Many Sikh Jats in the Indian part of Punjab were involved in the  movement for the creation of an autonomous Khalistan, Jarnail Singh Bhindranwale (14th Chief of the Damdami Taksal )  was a Sikh Jat, it has been said that he was neither for and nor against the creation of Khalistan (though many of his followers were in favour for creation of Khalistan and considered him a spiritual leader for the movement) . Those who were Muslims were closely associated with the movement of Pakistan as the 1st prime-minister of Pakistan was Liaquat Ali Khan who was a Muslim Jat. India’s 5th prime-minister was Chaudhary Charan Singh who was a Hindu Jat.

Settlements

The Jat as a whole are predominantly rural. Over the last 400-500 years there has been increasing sedentarization of Jats; this trend increased rapidly in the last decades of the eighteenth century when many pastoralists settled in the central Punjab under the auspices of Sikh rule there owing to the philosophy of Sikhism (since earlier the Mughal rule did not favor them and their rule were draconian towards non-mu slims . Sikh rule brought about massive land reforms ).

This continued over a very large area with the expansion of irrigation in British imperial times. Before that some Jats were peasants but in few regions only.

Most Jat peasants lived in flat-roofed houses made of baked or unbaked bricks in large compact villages, with few open spaces within the inhabited area; all villages have cattle sheds, village commons, and wells or ponds. Depending on the region and the precise community, Jat  peasants used a variety of huts, mostly made of reed mats and wood, that are fairly easy to dismantle. The reed mats are woven by the women.

Kingdoms and Royalty

The royalty among Jat has been in existence for more than 1000 years (records could be found with the respective families) but after 1699 it rose rapidly as more warriors revolted against the Mughals and formed their respective kingdoms. Following is the list of some notable kings and queens among Jats

Rajasthan

Uttar Pradesh

Punjab

Madhya Pradesh

Kinship, Marriage, and Family

Kin Groups and Descent.

All Jat are divided into several large, usually dispersed clans. Most clans are de facto maximal lineages, which are further segmented; among Jat peasants this segmentation takes place at four broad levels. The minimal lineage is composed of a group of households, which had formed a single household two or three generations previously; they may still share a common courtyard and have joint rights to a well.

Marriage.

While among Muslim Jat the practice of exchange marriage takes place at various levels of lineage organization, among Hindu and Sikh Jat no such exchange marriages are allowed, and the rule of exogamy is such that a man may not marry a woman who has any of her four grand-parental clans in common with his.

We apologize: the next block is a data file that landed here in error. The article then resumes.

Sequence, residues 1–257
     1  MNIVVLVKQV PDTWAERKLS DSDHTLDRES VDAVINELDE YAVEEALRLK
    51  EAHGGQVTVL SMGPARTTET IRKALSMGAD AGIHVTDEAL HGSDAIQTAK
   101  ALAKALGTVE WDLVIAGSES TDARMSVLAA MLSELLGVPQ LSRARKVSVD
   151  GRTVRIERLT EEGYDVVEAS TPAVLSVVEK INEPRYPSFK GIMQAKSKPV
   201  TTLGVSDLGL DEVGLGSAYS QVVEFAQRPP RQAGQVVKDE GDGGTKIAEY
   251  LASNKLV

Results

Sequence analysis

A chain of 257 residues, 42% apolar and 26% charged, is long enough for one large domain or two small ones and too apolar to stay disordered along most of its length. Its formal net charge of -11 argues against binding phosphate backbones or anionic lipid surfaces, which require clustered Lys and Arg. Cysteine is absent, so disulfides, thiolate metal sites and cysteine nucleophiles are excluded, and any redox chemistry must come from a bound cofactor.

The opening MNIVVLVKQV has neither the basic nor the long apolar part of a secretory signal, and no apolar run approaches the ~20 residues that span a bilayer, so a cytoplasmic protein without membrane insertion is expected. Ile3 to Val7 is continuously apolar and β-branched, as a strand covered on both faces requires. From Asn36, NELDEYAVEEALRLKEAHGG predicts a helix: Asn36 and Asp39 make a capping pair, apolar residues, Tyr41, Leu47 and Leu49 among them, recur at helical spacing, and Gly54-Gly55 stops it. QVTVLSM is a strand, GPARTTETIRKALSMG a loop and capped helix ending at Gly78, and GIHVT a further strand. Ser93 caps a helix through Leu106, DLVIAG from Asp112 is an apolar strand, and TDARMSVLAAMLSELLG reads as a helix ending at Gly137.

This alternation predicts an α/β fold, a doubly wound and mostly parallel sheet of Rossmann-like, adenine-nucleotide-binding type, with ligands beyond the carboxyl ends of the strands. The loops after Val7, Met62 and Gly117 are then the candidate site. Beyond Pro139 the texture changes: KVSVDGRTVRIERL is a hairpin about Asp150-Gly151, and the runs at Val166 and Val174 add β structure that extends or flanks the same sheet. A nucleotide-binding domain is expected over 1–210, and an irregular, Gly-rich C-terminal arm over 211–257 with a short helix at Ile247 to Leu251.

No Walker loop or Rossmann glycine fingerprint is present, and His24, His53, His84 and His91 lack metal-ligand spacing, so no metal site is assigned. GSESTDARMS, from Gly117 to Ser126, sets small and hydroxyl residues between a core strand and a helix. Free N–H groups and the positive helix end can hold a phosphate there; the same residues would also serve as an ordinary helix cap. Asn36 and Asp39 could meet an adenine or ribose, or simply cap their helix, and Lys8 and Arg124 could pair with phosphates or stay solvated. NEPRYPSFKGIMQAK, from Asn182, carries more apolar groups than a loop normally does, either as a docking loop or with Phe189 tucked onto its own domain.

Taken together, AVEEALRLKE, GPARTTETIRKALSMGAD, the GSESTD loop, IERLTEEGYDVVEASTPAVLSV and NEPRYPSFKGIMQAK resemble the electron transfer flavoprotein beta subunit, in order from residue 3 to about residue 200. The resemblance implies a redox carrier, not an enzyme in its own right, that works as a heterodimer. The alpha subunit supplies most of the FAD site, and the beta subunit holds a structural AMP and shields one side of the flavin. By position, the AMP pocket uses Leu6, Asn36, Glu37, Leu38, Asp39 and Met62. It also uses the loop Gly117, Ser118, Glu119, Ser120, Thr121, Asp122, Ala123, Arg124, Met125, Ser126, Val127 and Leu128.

Polygyny was allowed though not common (this was discontinued for Sikh and Hindu Jats, once Hindu Marriage act came into being in 1950s).

Among all Jat, widow remarriage is permitted (unlike certain communities in India who use to enjoy burning widows alive and gave it religious color to give sacrosanctity to this barbarity or consider them a bad omen);

For a widow levirate is required or a she is not allowed to remarry outside the maximal lineage, especially when she has children by her late husband.

The practice of female infanticide, also known among the peasants, has dropped sharply. A woman’s relationship with her husband’s kin is organized according to a basic pattern of avoidance with seniors and of joking with those younger than the husband. Brothers share a common duty toward their sisters and their children.

Sikh-Hindu Marriages

Marriages among Sikh Jats and Hindu Jats are encouraged and are considered a sense of deep pride, since such Sikh-Hindu marriages reinstates the concept of brotherhood among the two distinct communities within the ethnic group, which in turn evokes nostalgic times of when they fought together against tyrannical Mughals.

Definition of Jat Status in Jat Blood Law

The status of being a Jat is defined by the Jat blood (DNA) of the Father and mother of the offspring (Children). The Scythians warriors that invaded the Punjab region and India in general were men (males). Each one of them took native women as wives namely Indo- Greek and Indo-Aryan. The children produced from that joining were the first Jats. The Status of being a Jat in Jat Blood Law is decided by the father’s Jat blood (the DNA Y chromosome of the father being from Central Asia).

If a Jat Man marries a Jat Woman in Jat Blood Law the children from that marriage are given Full Jat status (100% Jat) by Jat Blood Laws and Scythian blood. If a Jat Man marries a Non-Jat Woman in Jat Blood Law the children from that marriage are given Half Jat status (50% Jat) by Jat Tribal Blood Laws. If a Jat Woman marries a Non-Jat Man in Jat Blood Law the children from that marriage are given No Jat status (0% Jat) by Jat Blood Laws.